- The Washington Times - Friday, March 17, 2006

DAYTON, Ohio — George Mason’s Jim Larranaga is hoping his Patriots capitalize on a formula of familiarity.

The Patriots’ last trip to the NCAA tournament (2001) resulted in one of the greatest games between Beltway teams in the event’s history as 14th-seeded George Mason came within a Tremaine Price 3-pointer at the buzzer from stopping Maryland’s run to the Final Four in the opening round in Boise, Idaho.

“One of the key elements to our great 2001 first-round game against an excellent Maryland team was there was no fear factor, because our guys had played against their guys in summer leagues,” Larranaga said yesterday of that 83-80 gut-twister. “Familiarity is always important because it gives you a comfort level.”

While Larranaga and Co. can’t call on Kenner League competition for comfort against today’s first-round opponent, they will face a relatively familiar foe in sixth-seeded Michigan State (22-11), a team the Patriots battled for 40 minutes in last season’s BB&T; Classic before falling 66-60.

“Whenever you face a team the year before the tournament, you learn a lot about them. They have most of the same players back, and so do we,” said George Mason senior guard Lamar Butler (11.4 points). “We feel very • confident going into this game.”

Undoubtedly, the memories of his game-high 19-point performance against the Spartans has something to do with Butler’s sunny outlook. But the 6-foot-2 senior offered another nugget about that game that somewhat dispels the conventional wisdom that the Patriots (23-7) are in serious trouble without point guard Tony Skinn, their second leading scorer (12.8 points) and an All-Colonial Athletic Association performer, who is serving a one-game suspension for punching Hofstra’s Loren Stokes in the semifinals of the CAA tournament two weeks ago.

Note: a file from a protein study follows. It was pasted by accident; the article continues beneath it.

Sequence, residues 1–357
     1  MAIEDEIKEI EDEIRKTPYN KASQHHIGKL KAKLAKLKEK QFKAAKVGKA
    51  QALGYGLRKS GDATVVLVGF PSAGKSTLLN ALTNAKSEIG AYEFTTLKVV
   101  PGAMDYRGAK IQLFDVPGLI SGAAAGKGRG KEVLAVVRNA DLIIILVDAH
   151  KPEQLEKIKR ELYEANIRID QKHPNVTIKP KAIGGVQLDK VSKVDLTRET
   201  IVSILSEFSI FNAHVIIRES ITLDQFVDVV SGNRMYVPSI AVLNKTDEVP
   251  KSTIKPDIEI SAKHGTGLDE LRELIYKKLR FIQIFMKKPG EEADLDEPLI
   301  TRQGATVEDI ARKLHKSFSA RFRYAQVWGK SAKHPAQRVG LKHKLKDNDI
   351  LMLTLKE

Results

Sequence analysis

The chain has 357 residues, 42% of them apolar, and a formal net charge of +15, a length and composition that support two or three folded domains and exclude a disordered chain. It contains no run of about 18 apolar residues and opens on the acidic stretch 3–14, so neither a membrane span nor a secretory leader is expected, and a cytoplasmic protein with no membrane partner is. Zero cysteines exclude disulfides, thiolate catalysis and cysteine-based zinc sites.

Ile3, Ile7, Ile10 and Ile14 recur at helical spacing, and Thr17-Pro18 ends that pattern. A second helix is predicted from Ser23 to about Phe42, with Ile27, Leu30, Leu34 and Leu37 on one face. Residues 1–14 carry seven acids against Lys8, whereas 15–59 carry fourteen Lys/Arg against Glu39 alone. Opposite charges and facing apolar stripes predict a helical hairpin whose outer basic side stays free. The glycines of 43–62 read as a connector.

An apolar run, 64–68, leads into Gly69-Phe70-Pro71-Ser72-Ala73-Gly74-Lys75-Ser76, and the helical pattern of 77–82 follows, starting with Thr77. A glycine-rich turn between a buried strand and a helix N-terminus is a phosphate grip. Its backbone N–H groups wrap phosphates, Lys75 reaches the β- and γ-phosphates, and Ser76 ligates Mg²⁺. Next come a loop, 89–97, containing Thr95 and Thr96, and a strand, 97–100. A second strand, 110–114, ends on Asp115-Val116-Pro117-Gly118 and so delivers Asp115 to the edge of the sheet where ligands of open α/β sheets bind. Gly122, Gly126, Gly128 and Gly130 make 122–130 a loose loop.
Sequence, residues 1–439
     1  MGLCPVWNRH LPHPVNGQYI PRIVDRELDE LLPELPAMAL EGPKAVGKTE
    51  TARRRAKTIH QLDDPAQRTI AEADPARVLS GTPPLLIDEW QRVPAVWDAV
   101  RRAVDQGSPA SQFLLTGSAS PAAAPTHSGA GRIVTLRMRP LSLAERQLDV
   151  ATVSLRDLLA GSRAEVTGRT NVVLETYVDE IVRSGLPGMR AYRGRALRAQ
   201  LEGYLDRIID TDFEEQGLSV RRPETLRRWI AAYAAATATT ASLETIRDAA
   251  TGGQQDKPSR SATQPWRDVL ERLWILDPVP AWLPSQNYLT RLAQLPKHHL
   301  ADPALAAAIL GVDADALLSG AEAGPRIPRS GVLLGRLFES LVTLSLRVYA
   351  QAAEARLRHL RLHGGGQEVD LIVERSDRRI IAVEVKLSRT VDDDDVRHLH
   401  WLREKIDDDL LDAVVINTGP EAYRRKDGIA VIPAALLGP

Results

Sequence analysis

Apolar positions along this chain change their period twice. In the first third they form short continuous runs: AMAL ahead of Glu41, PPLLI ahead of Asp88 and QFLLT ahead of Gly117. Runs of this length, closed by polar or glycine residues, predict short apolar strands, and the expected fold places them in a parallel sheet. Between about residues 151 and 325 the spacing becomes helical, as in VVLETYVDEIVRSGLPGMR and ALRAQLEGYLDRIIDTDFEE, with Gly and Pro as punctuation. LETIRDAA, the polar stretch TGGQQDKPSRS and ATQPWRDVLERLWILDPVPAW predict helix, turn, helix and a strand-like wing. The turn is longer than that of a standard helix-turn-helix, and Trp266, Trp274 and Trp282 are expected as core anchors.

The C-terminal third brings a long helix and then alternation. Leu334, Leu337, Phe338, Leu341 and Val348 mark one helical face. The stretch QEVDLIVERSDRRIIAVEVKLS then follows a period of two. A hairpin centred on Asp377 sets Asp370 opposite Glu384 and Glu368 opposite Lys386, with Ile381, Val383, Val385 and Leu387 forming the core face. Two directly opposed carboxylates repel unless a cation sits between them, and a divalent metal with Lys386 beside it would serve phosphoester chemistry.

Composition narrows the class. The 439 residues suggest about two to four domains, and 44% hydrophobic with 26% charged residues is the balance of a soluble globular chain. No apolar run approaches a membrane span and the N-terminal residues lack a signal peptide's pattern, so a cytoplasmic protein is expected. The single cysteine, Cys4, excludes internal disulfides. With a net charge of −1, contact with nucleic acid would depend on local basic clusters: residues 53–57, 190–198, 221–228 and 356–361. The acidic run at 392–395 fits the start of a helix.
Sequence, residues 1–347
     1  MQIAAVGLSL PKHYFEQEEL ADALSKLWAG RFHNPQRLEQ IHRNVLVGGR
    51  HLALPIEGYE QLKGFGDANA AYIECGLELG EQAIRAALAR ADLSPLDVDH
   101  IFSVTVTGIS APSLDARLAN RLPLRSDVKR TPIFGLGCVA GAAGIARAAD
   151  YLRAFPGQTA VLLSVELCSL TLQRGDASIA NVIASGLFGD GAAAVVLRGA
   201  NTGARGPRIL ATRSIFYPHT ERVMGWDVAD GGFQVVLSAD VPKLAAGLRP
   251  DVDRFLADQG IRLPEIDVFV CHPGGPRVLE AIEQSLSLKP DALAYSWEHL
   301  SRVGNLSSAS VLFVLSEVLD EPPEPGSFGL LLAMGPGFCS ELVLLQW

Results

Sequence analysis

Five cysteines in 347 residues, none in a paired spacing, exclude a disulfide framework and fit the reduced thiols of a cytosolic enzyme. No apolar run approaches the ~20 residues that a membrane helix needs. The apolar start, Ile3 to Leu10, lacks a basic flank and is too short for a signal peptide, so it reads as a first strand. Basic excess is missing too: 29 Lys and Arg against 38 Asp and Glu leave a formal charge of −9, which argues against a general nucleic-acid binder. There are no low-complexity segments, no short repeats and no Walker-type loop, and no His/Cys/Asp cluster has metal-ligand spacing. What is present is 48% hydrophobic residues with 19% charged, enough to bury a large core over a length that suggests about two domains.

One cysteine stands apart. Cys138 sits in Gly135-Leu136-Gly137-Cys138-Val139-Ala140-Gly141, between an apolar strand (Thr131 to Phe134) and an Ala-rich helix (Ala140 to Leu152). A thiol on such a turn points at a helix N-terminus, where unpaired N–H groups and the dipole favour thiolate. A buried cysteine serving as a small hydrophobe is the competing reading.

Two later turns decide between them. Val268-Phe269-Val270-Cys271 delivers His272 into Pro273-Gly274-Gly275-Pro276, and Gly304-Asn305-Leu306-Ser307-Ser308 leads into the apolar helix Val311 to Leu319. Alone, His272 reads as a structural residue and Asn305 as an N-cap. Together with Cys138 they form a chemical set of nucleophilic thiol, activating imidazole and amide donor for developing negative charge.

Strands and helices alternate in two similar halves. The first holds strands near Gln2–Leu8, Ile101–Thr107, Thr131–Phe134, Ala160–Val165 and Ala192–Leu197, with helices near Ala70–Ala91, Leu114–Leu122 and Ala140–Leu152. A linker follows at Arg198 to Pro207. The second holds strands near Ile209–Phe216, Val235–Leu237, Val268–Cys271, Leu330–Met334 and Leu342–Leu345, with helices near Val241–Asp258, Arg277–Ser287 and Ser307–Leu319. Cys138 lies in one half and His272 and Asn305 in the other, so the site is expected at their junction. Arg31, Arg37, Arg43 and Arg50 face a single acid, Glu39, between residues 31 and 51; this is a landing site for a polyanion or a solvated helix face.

“Last year when we played Michigan State, Tony was just coming off a broken wrist, so he didn’t play that much,” said Butler. “And that was a close game, a game that could have gone either way. I don’t think not having Tony will affect this team.”

While that observation might be a bit too optimistic, Mason’s primary concern against the Spartans is likely to be inside, where Michigan State crushed the Patriots on the boards 39-22 last season in a game that was a statistical draw otherwise.

Not only do the Spartans feature one of the nation’s most polished post players in 6-11 senior center Paul Davis (17.8 points, 9.3 rebounds) and two of the Big Ten’s most physical guards in 6-4 Shannon Brown (17.6 points, 4.5 rebounds) and 6-5 Maurice Ager (19.1 points, 4.1 rebounds) , but 6-7, 227-pound bruiser Matt Trannon (4.2 rebounds) returns to coach Tom Izzo’s rotation after missing most of the last two weeks of the regular season with a broken jaw.

Few teams in the nation can match Michigan State’s inside-outside combination of size and ability. It probably will take more than familiarity and heart for George Mason to counteract such athletic brawn.

“We certainly know the caliber of the basketball team and program we’re going to face, because everybody knows how good Michigan State is,” Larranaga said. “They went to the Final Four last year, and four of these guys were in the starting lineup last year. It’s a great challenge, but I think one that we’re looking forward to.”


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